New report examines execution rates around the world

As more nations abandon capital punishment, Amnesty International’s 2016 report sheds light on the world’s remaining executioners and situates the US’s falling use in a global context.

A new report from our friends at Amnesty International captures the use of the death penalty around the world in 2016. It shows that for another year capital punishment continued its incremental global decline.


Some key takeaways:

  • United States
    • Amnesty’s annual reports are useful for situating capital punishment in the US in the global context.
    • The number of death sentences and executions hit record lows in 2016, so low, in fact, that the USA dropped out of the so-called “top 5” executioner nations. This is only the second year since 1991 that the US has not been among the five nations that carried out the most executions.
    • US States executed 20 people in the past year, the lowest number of executions since 1991. The drop in new death sentences was even starker—32 people were added to the nation’s death rows, which was the lowest annual number since 1973.
    • Mirroring the decline in total executions and sentencing, the number of states carrying out executions remains small at just 5. Florida and Missouri each executed one person, Alabama executed two people, Texas executed 7 people, and Georgia executed 9 people.
    • 19 US states do not authorize executions, and, of those that do, 12 of them have not put anyone to death for at least a decade.


  • China
    • While the figures of the United States show progress, the information Amnesty was able to gather about China was as grim as ever.
    • The report estimates that, excluding China, there were 1,032 people executed around the world in 2016. China, Amnesty estimates, put to death more people than the rest of the world combined during the same period of time.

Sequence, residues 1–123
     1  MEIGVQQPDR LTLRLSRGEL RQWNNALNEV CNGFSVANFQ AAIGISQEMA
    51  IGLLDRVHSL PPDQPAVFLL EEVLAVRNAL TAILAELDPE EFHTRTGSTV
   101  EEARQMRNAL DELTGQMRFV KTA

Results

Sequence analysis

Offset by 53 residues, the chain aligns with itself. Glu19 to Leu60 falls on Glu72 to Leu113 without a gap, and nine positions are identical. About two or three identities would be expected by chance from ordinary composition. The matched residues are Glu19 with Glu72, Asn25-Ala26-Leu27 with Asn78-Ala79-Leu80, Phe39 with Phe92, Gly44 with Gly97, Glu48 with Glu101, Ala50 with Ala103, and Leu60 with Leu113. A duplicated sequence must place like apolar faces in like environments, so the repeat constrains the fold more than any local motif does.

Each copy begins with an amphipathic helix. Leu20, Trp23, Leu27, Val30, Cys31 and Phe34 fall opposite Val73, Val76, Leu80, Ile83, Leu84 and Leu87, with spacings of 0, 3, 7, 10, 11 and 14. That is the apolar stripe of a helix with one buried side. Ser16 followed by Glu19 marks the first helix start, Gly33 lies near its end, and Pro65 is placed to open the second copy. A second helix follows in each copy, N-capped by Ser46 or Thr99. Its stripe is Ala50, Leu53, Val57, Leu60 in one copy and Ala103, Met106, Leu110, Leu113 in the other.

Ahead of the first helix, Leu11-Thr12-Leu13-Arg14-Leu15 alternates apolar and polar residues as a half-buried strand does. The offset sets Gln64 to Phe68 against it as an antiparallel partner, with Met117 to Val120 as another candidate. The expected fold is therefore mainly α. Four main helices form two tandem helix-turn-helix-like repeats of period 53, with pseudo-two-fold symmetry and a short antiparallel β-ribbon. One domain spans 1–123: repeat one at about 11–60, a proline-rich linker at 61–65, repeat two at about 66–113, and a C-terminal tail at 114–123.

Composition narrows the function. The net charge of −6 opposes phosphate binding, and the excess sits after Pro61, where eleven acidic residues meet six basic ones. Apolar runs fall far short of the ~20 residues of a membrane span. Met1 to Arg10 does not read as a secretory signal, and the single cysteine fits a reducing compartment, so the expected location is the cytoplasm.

• The rise of exonerations may have an effect on the number of death sentences and executions in the future. In the last year, there were at least 4 death penalty exonerations in China, and the Supreme People’s Court overturned the conviction of someone who had been executed 21 years ago in a profound miscarriage of justice.
  • Other important developments
    • More than half of the world’s countries have abolished the death penalty, with Benin and Nauru as the most recent additions.
    • There was a sizeable drop (37%) in the number of executions in comparison to 2016, but the total number of people put to death remained above average for the decade.
    • The fall in executions was mostly due to declining use in Iran and Pakistan. Iran executed 42% fewer people than it did in 2015 (from approximately 977 to approximately 567). Pakistan executed 326 people in 2015 and 87 people last year—a 73% decrease.
    • Despite the relative decrease in execution rates in Pakistan and Iran, the Middle East was home to the vast majority of recorded executions in 2016. Iran, even at a reduced rate, accounted for 55% of recorded executions on its own. Iran, Pakistan, Iraq, and Saudi Arabia taken together accounted for 87% of the total recorded executions around the world. (Note: these figures refer to documented judicial executions. China remain the leader in executions, but the official number is a state secret.)

The full report is available here.

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